Questions you should ask about a publishing contract


I attended the workshop “Publishing Contracts: What Authors Need to Know” by Melissa Levine, Lead Copyright Officer at the University of Michigan Libraries. Part of her talk involved looking at sample author contracts.

Here are some of the questions we raised during the workshop:

  • What does “timely fashion” mean with regards to manuscript submission deadlines?
  • Contracts usually indicicate that the author will be responsible for submitting manuscripts for updated editions of the work. What if after so many editions, you simply don’t want to write a new edition? What does the contract indicate?
  • What comment or input would you have on the design of the cover? Some covers for academic books can be hideous or bland. You as an author may want a say in your work’s cover.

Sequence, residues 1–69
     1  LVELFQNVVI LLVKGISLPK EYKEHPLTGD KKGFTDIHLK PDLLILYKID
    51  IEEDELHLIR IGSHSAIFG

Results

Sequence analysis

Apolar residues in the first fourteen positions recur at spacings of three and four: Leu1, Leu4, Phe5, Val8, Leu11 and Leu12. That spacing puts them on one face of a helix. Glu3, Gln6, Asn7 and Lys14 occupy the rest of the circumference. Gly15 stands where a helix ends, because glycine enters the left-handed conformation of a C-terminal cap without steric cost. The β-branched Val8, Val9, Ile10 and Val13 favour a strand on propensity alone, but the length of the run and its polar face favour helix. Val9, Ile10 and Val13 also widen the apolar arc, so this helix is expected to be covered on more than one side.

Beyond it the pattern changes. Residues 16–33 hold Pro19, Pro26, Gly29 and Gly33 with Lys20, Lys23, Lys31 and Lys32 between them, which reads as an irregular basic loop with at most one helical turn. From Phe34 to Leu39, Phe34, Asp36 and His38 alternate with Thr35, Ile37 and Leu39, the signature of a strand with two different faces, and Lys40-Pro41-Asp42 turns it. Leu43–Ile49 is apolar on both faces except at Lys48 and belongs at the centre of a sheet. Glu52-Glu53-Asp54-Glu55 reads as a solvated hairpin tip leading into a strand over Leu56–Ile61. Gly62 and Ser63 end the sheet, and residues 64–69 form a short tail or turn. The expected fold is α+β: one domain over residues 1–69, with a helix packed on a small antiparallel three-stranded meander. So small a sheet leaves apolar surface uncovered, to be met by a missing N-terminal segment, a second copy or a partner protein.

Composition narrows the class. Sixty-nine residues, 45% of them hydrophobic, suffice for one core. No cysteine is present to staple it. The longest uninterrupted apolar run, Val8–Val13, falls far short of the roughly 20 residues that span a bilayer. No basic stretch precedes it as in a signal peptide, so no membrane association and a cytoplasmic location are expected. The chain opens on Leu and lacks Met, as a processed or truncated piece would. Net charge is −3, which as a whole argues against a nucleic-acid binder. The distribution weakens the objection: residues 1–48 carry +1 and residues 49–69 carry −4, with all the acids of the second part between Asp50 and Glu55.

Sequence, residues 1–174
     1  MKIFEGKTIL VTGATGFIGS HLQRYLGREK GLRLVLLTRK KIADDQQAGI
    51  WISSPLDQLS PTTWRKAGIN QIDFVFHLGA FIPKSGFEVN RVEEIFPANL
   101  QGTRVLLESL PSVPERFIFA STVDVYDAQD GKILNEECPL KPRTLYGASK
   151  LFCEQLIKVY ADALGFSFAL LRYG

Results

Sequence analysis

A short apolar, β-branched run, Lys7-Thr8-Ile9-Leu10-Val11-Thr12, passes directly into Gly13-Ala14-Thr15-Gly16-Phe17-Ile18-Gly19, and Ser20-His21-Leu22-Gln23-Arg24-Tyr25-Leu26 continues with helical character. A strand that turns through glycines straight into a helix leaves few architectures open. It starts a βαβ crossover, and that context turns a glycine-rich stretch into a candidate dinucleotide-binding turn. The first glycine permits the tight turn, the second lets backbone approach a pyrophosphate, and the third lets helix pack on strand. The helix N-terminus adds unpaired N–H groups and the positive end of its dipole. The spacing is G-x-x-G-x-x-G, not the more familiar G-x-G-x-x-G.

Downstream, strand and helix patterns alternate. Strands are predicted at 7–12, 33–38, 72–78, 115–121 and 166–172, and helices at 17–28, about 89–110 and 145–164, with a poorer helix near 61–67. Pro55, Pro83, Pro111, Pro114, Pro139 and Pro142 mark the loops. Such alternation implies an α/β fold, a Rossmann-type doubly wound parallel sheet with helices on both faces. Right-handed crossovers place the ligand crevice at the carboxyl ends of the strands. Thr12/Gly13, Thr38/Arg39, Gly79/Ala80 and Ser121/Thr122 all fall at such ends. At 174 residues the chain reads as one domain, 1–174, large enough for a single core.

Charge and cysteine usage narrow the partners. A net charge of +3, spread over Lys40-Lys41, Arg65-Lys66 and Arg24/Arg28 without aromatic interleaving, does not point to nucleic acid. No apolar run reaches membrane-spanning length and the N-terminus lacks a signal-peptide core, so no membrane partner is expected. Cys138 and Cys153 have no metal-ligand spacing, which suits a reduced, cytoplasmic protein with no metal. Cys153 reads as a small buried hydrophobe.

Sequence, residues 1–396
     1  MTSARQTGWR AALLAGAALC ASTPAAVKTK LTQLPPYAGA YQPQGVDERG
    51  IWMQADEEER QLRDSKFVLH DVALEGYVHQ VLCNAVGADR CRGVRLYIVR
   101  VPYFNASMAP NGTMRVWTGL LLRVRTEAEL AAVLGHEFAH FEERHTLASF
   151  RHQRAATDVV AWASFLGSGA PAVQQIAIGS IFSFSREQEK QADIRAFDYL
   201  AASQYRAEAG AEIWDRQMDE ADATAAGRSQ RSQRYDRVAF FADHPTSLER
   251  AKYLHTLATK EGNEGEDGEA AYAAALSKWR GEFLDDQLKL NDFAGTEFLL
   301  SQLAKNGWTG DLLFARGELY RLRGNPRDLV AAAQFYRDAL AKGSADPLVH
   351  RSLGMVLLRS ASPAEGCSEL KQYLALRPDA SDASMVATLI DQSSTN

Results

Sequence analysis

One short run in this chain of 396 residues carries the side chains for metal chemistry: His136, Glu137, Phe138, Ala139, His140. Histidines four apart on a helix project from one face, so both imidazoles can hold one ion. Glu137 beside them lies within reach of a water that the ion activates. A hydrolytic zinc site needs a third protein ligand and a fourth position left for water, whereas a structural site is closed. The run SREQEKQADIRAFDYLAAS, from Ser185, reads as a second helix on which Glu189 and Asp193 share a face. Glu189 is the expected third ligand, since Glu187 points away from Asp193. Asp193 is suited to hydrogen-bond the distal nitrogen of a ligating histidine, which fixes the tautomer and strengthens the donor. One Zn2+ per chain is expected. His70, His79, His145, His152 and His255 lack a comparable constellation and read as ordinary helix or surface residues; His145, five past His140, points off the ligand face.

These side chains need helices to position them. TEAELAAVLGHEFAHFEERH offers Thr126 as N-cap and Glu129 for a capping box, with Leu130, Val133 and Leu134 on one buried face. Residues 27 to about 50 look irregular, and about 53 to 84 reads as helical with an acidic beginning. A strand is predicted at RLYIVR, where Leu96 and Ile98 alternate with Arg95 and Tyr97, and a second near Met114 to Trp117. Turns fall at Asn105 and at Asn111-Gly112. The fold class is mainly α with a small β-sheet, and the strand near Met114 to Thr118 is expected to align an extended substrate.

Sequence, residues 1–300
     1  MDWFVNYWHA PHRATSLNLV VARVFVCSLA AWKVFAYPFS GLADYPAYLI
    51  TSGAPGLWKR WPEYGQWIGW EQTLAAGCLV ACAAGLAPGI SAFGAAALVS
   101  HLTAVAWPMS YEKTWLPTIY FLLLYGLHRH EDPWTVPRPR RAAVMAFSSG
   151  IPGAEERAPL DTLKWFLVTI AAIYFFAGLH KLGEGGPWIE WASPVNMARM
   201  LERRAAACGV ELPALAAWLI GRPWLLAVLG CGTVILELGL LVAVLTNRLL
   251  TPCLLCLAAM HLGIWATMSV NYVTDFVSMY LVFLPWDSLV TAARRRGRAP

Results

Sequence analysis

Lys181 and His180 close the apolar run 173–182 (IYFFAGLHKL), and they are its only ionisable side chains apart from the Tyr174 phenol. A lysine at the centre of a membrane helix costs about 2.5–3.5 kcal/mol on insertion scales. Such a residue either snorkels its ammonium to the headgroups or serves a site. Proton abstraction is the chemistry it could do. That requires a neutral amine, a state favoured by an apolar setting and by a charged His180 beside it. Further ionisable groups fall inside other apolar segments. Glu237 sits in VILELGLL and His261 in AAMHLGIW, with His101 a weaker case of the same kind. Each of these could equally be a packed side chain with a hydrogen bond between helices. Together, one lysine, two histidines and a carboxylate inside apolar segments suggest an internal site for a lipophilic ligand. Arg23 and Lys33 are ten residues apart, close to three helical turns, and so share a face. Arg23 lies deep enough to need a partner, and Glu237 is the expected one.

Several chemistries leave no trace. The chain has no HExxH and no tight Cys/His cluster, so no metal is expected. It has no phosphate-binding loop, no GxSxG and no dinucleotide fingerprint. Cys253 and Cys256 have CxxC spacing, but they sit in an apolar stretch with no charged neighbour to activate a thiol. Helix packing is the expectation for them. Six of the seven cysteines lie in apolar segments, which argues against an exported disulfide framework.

• How long do you have to make corrections to proof sheets? When you submit a manuscript, the publisher will send you pre-publication proofs. What will your deadline be, and what fees will the publisher assess if you submit changes after the deadline?
  • Would it be possible to license rather than grant your exclusive rights to the publisher? While the move would be largely symbolic, you would still end up owning the copyright to your own work. If the publisher owns the copyright, you have absolutely no say in how your work is used.
  • What does “net” mean in a phrase like “net receipts?”
  • How often will royalties be paid and an account statement be sent?
  • What does the contract say about legal fees in case a lawsuit is brought against your work?

The most important advice Melissa offered: If there is anything in the contract you don’t understand, ask.


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